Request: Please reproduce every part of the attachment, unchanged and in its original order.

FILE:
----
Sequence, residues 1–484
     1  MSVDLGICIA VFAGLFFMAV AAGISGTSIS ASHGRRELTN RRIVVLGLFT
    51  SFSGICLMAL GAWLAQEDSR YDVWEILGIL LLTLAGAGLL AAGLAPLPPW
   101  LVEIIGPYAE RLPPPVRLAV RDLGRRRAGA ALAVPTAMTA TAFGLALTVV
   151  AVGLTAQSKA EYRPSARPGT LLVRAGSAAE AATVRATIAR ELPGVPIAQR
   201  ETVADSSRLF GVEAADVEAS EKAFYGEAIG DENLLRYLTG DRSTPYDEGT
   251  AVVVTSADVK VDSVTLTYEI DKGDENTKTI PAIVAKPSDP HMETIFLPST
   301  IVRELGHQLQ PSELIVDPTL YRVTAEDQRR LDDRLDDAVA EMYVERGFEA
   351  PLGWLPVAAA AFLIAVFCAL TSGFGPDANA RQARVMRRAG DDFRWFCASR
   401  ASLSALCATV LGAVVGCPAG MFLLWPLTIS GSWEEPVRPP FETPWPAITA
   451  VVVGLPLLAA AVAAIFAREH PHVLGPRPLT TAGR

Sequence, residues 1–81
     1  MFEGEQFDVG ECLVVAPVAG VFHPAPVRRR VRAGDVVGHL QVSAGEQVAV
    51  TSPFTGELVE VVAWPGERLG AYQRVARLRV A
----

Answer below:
Sequence, residues 1–484
     1  MSVDLGICIA VFAGLFFMAV AAGISGTSIS ASHGRRELTN RRIVVLGLFT
    51  SFSGICLMAL GAWLAQEDSR YDVWEILGIL LLTLAGAGLL AAGLAPLPPW
   101  LVEIIGPYAE RLPPPVRLAV RDLGRRRAGA ALAVPTAMTA TAFGLALTVV
   151  AVGLTAQSKA EYRPSARPGT LLVRAGSAAE AATVRATIAR ELPGVPIAQR
   201  ETVADSSRLF GVEAADVEAS EKAFYGEAIG DENLLRYLTG DRSTPYDEGT
   251  AVVVTSADVK VDSVTLTYEI DKGDENTKTI PAIVAKPSDP HMETIFLPST
   301  IVRELGHQLQ PSELIVDPTL YRVTAEDQRR LDDRLDDAVA EMYVERGFEA
   351  PLGWLPVAAA AFLIAVFCAL TSGFGPDANA RQARVMRRAG DDFRWFCASR
   401  ASLSALCATV LGAVVGCPAG MFLLWPLTIS GSWEEPVRPP FETPWPAITA
   451  VVVGLPLLAA AVAAIFAREH PHVLGPRPLT TAGR

Sequence, residues 1–81
     1  MFEGEQFDVG ECLVVAPVAG VFHPAPVRRR VRAGDVVGHL QVSAGEQVAV
    51  TSPFTGELVE VVAWPGERLG AYQRVARLRV A